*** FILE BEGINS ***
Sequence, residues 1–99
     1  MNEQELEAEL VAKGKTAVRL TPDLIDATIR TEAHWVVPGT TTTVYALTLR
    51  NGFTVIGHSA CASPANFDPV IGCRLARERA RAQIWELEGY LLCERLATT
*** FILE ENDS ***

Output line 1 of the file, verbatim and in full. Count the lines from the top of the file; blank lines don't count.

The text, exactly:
Sequence, residues 1–99